HyperText Markup Language/Introduction

The HTML (HyperText Markup Language) is used in most pages of the World Wide Web. HTML files contain both the primary text content and additional formatting markup, i.e. sequences of characters that tell web browsers how to display and handle the main content. The markup can specify which parts of text should be bold, where the headings are, or where tables, table rows, and table cells start and end. Though most commonly displayed by a visual web browser, HTML can also be used by browsers that generate audio of the text, by braille readers that convert pages to a braille format, and by accessory programs such as email clients.

Before we start

To author and test HTML pages, you will need an editor and a web browser. HTML can be edited in any plain text editor. Ideally, use one that highlights HTML markup with colors to make it easier to read. Common plain text editors include Notepad (or Notepad ) for Microsoft® Windows, TextEdit for Mac, and Kate, Gedit, Vim, and Emacs for Linux.

Many others editors exist with a wide range of features. While some offer WYSIWYG (what you see is what you get) functionality, that means hiding the markup itself and having to auto-generate it. WYSIWYG options are never as clean or transparent or as useful for learning compared with real code-based text editors.

To preview your documents, you'll need a web browser. To assure most viewers will see good results, ideally you will test your documents in several browsers. Each browser has slightly different rendering and particular quirks.

The most common browsers include Microsoft Internet Explorer, Google Chrome, Mozilla Firefox, Safari, and Opera. To assure that your documents are readable in a text-only environment, you can test with Lynx.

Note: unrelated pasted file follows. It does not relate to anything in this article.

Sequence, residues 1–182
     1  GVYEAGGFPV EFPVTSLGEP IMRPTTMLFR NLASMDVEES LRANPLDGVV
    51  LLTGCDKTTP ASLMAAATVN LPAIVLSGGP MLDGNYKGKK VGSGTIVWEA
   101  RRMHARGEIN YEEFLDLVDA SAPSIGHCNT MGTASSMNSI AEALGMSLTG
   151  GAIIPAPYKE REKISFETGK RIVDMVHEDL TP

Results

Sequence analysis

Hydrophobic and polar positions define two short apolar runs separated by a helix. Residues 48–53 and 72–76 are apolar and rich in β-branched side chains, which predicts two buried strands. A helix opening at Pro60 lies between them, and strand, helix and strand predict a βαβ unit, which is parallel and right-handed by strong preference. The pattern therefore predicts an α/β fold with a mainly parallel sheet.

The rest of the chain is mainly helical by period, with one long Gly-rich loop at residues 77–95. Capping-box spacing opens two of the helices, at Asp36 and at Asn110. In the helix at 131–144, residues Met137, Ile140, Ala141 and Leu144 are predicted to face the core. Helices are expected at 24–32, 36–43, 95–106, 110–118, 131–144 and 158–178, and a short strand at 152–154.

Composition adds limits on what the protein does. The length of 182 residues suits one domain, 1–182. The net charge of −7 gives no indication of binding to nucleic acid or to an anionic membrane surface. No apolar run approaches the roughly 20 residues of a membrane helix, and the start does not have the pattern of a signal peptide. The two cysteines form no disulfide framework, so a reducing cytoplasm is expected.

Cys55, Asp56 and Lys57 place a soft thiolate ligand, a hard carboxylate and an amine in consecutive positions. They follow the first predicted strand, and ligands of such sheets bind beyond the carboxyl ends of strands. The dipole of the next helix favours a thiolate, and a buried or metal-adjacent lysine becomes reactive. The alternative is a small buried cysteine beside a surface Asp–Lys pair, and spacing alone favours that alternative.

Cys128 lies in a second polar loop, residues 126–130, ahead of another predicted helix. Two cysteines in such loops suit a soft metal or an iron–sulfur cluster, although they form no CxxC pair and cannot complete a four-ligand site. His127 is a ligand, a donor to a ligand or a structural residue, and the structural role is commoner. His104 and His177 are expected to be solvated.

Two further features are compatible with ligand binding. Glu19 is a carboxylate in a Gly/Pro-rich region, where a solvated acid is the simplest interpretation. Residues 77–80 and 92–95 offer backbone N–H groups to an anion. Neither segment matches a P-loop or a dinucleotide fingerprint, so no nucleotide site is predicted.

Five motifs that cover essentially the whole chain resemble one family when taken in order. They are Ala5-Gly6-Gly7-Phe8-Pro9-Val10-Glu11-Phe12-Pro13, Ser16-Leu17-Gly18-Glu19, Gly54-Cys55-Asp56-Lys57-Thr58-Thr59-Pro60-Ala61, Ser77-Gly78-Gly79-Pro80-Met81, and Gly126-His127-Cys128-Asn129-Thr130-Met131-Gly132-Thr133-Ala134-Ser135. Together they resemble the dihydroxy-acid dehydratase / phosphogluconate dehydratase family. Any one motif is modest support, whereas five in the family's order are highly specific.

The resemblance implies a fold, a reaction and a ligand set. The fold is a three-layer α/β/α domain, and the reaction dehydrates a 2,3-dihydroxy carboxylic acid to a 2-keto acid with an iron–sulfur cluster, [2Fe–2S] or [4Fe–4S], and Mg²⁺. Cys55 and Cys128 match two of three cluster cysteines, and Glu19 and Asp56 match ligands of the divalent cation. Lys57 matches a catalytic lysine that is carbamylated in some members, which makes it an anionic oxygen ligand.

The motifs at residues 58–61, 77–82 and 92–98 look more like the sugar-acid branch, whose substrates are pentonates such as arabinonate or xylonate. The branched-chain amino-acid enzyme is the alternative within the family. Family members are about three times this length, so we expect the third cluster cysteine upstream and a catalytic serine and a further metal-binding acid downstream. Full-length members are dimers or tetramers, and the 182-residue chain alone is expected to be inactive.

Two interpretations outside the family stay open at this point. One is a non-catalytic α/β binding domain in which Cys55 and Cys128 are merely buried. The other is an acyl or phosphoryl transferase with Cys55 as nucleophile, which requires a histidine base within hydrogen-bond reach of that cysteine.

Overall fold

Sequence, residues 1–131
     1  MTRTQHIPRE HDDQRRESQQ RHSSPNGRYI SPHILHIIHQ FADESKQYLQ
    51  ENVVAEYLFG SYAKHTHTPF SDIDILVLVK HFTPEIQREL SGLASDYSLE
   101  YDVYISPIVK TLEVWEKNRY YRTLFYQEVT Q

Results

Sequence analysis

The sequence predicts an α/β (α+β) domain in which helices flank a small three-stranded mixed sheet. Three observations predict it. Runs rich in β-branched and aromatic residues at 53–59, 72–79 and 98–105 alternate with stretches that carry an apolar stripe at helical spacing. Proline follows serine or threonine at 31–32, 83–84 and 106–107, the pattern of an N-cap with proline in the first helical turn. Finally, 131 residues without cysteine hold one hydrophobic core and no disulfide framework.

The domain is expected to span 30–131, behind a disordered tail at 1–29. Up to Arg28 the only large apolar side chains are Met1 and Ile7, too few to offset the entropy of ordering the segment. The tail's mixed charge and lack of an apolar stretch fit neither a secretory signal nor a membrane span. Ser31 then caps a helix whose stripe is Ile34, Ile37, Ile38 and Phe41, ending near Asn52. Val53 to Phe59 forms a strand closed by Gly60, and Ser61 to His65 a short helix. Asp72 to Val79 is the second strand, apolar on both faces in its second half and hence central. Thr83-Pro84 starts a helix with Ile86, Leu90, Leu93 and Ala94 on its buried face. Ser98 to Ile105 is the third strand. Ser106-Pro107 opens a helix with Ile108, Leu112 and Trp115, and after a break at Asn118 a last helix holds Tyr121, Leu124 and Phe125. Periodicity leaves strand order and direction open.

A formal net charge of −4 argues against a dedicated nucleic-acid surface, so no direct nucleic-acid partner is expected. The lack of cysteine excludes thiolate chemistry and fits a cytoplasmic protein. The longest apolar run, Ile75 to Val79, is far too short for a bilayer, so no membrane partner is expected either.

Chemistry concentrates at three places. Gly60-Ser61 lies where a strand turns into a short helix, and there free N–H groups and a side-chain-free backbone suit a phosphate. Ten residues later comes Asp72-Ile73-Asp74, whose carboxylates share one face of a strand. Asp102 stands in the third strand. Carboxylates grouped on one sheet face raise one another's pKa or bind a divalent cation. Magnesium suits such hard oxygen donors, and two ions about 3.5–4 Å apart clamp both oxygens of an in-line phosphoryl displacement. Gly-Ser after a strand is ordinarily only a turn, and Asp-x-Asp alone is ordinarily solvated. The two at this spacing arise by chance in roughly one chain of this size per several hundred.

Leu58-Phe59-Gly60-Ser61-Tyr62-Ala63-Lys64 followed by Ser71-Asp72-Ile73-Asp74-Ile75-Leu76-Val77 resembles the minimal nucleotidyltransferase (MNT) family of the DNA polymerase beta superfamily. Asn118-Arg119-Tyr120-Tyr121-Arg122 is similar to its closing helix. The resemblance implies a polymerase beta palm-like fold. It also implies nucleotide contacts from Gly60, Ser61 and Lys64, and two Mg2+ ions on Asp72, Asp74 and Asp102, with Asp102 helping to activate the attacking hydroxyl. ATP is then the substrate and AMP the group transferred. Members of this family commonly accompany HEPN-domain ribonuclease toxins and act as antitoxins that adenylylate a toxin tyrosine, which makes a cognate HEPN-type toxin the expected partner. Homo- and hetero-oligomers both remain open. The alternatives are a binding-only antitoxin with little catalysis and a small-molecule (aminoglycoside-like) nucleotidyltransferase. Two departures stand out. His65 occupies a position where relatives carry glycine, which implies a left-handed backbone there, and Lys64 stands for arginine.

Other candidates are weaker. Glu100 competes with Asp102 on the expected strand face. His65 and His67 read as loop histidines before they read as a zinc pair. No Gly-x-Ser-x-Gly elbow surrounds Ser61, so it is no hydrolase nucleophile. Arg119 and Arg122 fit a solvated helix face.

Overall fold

A simple document

Let's start with a simple document. Write this code in your editor (or copy-and-paste it), and save it as "index.html" or "index.htm". The file must be saved with the exact extension, or it will not be rendered correctly.

    <title>Simple documenttitle>
    <p>This is some text in a paragraph that will be seen by viewers.p>

Now open the document in your browser and look at the result. From the above example, we can deduce certain essentials of an HTML document:

  • The first line with declares the type of the document.
  • The HTML document begins with a tag and ends with its counterpart, the tag.
  • Within the tags, there are two main pairs of tags, and .
  • Within the tags, there are the tags which enclose the textual title to be shown in the title bar of the web browser.
  • Within the is a paragraph marked by a


    tag pair.

General HTML tag code style

  • Most tags must be written in pairs between which the effects of the tag will be applied.
    • This text is emphasized - This text is emphasized
    • This text includes computer code - This text includes computer code
    • This text is emphasized and has computer code - This text is emphasized and has computer code
  • HTML tag pairs must be aligned to encapsulate other tag pairs, for example:
    • This text is both code and emphasized - This text is both code and emphasized
    • A mistake: This markup is erroneous


Theandtags are used to mark the beginning and end of an HTML document. This tag does not have any effect on the appearance of the document.
This tag is used to make browsers and other programs know that this is an HTML document.

Useful attributes:

dir attribute
This attribute specifies in which manner the browser will present text within the entire document. It can have values of either ltr (left to right) or rtl (right to left). By default this is set to ltr. Generally rtl is used for languages like Persian, Chinese, Hebrew, Urdu etc.


lang attribute
The lang attribute generally specifies which language is being used within the document.

Special types of codes are used to specify different languages:
en - English
fa - Farsi
fr - French
de - German
it - Italian
nl - Dutch
el - Greek
es - Spanish
pt - Portuguese
ar - Arabic
he - Hebrew
ru - Russian
zh - Chinese
ja - Japanese
hi - Hindi

Next Lesson: Head and Body Elements



This article uses material from the Wikipedia page available here. It is released under the Creative Commons Attribution-Share-Alike License 3.0.



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